Books affirm making meditation, spiritual growth, goals for Lent

Published March 1, 2000

INDIVIDUAL spiritual growth has always been an “assumed” part of Christian life, (I sometimes think we belong to “The Church of the Basic Assumption”) and too often taken for granted. Both within and outside the Christian church there has been an increasing interest in spirituality in the past few years.

The message of these four books affirms the belief that we need to make spiritual growth, meditation, and an awareness of the presence of God a goal for Lent and for life. The first pair could be used for either private or group meditation.

Follow Me is really what the author claims it to be in her introduction and by Marion Bets in her foreword: “a meditative worship resource that can be used by individuals and by groups.” The choice of centring worship passages and prayers, the theme pages and Scripture readings, will work well with any reader. To top it off, the illustrations alone are worth the price.

[pullquote]A Place Apart could be “personal, pointed, and professional questions, challenges, and confrontations on living the kingdom.” It is a well worked out series of situations and readings that bring the reader back to two basic questions: “Whose kingdom is it anyway?” and “Do you just want to talk about it or do you really want to do something about it?” Both questions are valid, needed and too often left unasked in the church today.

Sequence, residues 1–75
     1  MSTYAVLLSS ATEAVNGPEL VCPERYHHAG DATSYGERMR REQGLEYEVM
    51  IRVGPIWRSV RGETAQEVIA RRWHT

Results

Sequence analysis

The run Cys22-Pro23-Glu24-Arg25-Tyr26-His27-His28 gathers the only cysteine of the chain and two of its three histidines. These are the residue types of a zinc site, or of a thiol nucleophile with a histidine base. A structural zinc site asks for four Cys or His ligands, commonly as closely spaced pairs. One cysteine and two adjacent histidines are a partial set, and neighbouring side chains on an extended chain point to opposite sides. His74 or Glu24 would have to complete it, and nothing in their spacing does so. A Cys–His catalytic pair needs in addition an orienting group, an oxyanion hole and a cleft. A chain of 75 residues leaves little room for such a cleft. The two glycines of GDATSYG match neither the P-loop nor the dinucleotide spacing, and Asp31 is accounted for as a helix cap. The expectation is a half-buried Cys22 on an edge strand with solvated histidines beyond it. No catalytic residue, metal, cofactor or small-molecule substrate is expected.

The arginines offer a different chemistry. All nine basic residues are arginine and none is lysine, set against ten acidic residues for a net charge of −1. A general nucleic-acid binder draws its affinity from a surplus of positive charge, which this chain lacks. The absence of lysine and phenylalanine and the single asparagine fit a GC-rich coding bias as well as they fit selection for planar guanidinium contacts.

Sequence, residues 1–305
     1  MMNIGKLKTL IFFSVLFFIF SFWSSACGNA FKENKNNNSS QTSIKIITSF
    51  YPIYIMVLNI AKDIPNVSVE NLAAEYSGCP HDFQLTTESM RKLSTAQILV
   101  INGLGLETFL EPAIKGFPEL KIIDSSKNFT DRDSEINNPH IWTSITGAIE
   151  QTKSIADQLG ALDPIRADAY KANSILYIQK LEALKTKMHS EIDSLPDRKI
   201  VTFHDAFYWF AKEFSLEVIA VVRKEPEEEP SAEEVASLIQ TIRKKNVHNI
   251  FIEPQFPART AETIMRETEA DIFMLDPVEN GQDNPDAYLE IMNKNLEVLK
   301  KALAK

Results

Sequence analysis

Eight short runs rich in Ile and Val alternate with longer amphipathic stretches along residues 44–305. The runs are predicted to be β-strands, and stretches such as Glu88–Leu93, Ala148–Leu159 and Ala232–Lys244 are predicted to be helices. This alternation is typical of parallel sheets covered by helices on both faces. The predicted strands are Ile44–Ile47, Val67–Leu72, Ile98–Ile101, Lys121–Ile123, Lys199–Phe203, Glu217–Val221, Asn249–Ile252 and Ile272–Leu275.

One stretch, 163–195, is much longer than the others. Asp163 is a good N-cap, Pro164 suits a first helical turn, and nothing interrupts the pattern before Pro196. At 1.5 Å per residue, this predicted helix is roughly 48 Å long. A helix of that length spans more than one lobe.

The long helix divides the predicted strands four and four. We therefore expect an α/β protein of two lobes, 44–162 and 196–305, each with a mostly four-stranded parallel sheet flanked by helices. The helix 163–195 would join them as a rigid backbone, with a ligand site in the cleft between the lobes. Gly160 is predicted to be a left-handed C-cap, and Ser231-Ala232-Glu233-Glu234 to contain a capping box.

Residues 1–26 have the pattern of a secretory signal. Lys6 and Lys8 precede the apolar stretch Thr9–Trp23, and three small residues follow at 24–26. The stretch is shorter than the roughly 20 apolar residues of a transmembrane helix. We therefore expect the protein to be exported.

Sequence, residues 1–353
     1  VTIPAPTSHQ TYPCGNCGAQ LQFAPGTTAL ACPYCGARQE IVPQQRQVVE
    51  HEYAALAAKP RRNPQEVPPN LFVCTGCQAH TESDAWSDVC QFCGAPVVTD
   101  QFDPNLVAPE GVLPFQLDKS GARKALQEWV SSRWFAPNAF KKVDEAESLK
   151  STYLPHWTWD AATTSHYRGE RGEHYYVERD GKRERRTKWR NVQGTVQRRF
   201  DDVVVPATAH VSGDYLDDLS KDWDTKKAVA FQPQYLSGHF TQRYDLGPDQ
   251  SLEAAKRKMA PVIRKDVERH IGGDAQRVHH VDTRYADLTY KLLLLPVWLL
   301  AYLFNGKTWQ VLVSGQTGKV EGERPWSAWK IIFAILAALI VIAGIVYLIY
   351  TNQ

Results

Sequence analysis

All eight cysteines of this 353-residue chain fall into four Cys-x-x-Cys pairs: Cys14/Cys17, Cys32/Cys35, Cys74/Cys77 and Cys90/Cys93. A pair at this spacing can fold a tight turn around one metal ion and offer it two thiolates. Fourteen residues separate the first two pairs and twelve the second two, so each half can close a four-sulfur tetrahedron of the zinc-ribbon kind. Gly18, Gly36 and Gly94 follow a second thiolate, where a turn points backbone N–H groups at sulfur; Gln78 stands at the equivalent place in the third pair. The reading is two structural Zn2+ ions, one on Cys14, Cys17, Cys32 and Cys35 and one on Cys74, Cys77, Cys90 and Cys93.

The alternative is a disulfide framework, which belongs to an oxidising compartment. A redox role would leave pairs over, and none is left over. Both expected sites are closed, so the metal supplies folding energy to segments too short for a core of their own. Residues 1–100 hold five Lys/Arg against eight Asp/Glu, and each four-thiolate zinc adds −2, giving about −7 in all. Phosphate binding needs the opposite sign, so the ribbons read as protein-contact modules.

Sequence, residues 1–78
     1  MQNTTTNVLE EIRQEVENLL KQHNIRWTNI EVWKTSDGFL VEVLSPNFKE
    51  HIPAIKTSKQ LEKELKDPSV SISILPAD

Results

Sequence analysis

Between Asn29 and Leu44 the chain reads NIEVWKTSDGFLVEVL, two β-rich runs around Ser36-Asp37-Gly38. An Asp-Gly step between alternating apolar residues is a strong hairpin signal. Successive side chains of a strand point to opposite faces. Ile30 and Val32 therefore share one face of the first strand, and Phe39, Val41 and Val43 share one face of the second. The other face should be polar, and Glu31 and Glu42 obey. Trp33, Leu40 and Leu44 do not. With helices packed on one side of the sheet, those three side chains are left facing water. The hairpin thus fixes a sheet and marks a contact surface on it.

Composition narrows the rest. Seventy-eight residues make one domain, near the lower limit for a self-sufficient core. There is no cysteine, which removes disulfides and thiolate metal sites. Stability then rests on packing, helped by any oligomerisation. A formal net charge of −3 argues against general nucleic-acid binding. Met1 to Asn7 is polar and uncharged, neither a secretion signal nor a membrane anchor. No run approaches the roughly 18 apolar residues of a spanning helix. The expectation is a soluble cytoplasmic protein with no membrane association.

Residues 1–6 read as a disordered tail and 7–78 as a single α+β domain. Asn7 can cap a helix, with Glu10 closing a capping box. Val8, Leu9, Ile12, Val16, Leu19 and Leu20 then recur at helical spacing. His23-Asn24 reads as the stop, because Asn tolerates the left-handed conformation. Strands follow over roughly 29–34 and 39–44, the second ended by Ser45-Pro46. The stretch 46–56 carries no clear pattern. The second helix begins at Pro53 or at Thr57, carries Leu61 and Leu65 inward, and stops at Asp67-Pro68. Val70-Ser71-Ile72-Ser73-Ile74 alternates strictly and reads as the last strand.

The next two books have basically the same message but a completely different approach. Both were written by and for people who find themselves so busy living their own lives they suddenly realize the need for “the practice of the presence of God.”

God Help Me is a book of daily or theme-centred prayers which appear to have been developed out of the author’s own experience. They could be used daily as a person leaves the house or starts the car. They are honest reactions to normal situations. The language is not always suitable for someone of my conservative age, but very normal for today’s younger working woman (eg. “p****d off” in the prayer on page 151). It is the kind of book to give to someone who has everything but still has needs to be expressed. It is a book to pick up – glance at – put down – and then have God nudge you to remind you of His presence later in the day.

Dance Lessons is a spiritual autobiography of a talented woman in the pressure cooker of this age. She shares her outgoing personal battle with God’s “presences and absences,” with her church and her career, with her hopes and fears, and above all with her personal test of belief and unbelief. Her story – which we all share in parts – is full of humour and anger, chaos and order, teaching and learning, all revolving in a way around the presence of God and the question of God’s reality and importance. This easy to read book would make a good Lenten gift for a busy (and harried) friend.

Betty Gracie is a clergy wife, founder and past director of the Anglican Fellowship of Prayer (Canada) and a well-known speaker and teacher about prayer, Scripture study and spiritual discipline.


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